This posts concerns the photo attached (right). The release aid is my #1 release (has been for a very long time). When I bought that release the spot that my thumb rested on was a simple post (in photo just below small barrel). Then at a Las Vegas Trade Show I bought a number of Tom Thumb adjustable “barrels” to adapt the trigger to a somewhat larger size. This was just before Carter came out with their own version, the “Adjusto Trigger,” so I felt I was very much in the avant garde.
Recently one of my students made me a trigger barrel much larger than the Tom Thumb version. It is 1.0˝ wide (25 mm), as compared to the Tom Thumb version (the purple one in the photo) which was 5/8˝ wide (0.625˝ or 16 mm). I noticed immediately the different feel associated with this new, larger thumb barrel which got me to thinking.
When encouraging a “surprise release” approach to release technique, the standard instructions are to tuck the trigger back away from the tip of the finger/thumb. The argument is that the very sensitive finger tips can feel the position of the trigger as it moves and thus lead to anticipation in the form of flinches, freezing, etc.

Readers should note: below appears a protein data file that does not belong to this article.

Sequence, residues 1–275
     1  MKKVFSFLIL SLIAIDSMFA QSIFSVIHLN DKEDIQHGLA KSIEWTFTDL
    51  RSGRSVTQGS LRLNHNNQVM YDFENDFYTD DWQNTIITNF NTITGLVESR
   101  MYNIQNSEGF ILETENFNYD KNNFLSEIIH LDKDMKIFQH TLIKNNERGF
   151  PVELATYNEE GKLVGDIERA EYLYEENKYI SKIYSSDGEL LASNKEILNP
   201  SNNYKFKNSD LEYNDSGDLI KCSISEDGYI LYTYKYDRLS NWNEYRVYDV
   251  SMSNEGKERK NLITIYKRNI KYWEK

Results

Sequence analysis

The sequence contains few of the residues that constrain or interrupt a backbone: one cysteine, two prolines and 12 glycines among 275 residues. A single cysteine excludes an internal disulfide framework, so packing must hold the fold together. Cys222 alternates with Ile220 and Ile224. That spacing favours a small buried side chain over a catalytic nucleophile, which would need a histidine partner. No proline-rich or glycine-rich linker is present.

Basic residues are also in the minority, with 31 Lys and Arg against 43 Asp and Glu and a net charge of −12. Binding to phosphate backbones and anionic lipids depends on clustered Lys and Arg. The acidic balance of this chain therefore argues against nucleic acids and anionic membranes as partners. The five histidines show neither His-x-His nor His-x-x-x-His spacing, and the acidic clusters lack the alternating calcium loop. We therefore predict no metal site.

My thinking is that the nerves associated with those finger- and thumb-tips are pressure nerves. (The pain and temperature change nerves don’t get engaged.) The force required to trip the release aid is built in with springs and whatnot. But spreading that force out from a narrow pin, to a small barrel, to a much larger barrel, I have created small and smaller amounts of pressure on the trigger. This diminishes the feel of the trigger on the skin, which should be a good thing.
So, if you coach release shooters, or are one, and you haven’t tried a larger barrel or a “shoe” trigger, give it a try. You may like the results.
Note I am never satisfied with the “Gee, I like it better” approach to equipment recommendations. I much prefer for there to be reasons as to why such changes might be advantageous. Still, you do have to try things out to see if they work for you.